In the summer of 1920 the writer visited the Eocene Badlands of western North Dakota, going there on the completion of a field course in geology in the Northern Black Hills. These badlands are situated in several counties bordering on the Little Missouri River. A thick series of sandstone, shale and lignite is exposed in the nearly barren and partly denuded hills. The beds have characteristic topographic expressions and can be traced long distances by these alone; the sandstones form benches and the shales gentle slopes. In one of these sandstone benches a number of small spheroidal bodies were noted. A casual blow of the hammer showed that they possessed two distinct parts, an outer covering and an inner core. At least twenty of them were broken and nearly all were similarly constructed, the core also showing a quadripartite division. A few of the better preserved ones were saved and these form the basis of this article.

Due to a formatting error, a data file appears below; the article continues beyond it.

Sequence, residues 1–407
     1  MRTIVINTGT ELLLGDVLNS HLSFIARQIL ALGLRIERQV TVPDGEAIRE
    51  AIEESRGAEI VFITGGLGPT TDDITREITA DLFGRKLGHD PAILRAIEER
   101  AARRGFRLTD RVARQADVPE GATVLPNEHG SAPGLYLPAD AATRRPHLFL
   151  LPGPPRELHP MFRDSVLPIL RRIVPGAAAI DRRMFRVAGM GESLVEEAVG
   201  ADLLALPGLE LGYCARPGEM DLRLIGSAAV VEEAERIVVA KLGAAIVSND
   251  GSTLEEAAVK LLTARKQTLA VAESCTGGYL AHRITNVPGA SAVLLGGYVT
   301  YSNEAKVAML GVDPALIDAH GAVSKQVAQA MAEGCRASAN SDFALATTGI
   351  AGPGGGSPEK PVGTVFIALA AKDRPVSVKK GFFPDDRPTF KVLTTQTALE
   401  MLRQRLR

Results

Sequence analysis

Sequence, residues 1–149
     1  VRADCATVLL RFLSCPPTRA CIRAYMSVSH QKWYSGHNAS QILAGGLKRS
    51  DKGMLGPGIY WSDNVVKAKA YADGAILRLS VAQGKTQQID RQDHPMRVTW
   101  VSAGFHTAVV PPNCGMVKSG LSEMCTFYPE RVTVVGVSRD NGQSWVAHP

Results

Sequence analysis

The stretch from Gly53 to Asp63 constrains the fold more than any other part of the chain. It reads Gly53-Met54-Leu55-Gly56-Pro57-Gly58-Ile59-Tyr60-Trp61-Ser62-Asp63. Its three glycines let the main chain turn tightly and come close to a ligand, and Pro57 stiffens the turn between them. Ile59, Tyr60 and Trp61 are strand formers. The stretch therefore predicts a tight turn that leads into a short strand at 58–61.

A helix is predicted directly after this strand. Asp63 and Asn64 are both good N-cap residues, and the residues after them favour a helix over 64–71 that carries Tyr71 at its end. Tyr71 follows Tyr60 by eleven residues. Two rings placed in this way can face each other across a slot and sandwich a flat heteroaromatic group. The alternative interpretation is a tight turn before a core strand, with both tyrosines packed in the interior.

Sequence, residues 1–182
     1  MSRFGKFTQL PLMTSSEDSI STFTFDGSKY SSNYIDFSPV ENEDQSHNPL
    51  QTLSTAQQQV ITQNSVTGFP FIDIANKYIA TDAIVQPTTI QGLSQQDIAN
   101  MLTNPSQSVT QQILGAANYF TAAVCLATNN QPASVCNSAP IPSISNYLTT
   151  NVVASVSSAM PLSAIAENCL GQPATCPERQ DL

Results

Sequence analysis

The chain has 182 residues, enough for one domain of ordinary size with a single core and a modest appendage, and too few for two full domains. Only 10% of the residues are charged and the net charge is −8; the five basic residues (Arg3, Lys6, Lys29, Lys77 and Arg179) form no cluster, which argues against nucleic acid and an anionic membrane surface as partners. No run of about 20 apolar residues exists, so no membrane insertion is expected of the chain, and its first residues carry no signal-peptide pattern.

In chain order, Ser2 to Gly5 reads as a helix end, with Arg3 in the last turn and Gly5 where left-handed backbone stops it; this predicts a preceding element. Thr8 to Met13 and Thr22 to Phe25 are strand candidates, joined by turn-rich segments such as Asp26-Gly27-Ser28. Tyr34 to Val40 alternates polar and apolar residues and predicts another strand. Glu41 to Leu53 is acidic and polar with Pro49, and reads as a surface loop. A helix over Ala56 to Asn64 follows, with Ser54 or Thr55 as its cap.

Proceedings of the Iowa Academy of Science
©1923 Iowa Academy of Science, Inc.
Stainbrook, Merrill A.
"Apparent Fossil Fruits from the Fort Union Beds of North Dakota,"
Proceedings of the Iowa Academy of Science, 30(1), 455-458.
Available at: https://scholarworks.uni.edu/pias/vol30/iss1/73